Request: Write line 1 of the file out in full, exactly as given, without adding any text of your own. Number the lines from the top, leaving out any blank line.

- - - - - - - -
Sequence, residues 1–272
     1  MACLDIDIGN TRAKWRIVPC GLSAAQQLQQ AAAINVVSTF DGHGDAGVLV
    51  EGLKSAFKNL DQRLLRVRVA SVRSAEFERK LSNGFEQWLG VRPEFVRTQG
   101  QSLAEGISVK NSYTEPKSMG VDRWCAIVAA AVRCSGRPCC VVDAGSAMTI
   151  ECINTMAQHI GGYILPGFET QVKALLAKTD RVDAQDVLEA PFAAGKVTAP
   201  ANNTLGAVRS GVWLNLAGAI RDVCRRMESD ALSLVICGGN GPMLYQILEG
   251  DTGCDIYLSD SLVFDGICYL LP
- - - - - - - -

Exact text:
Sequence, residues 1–272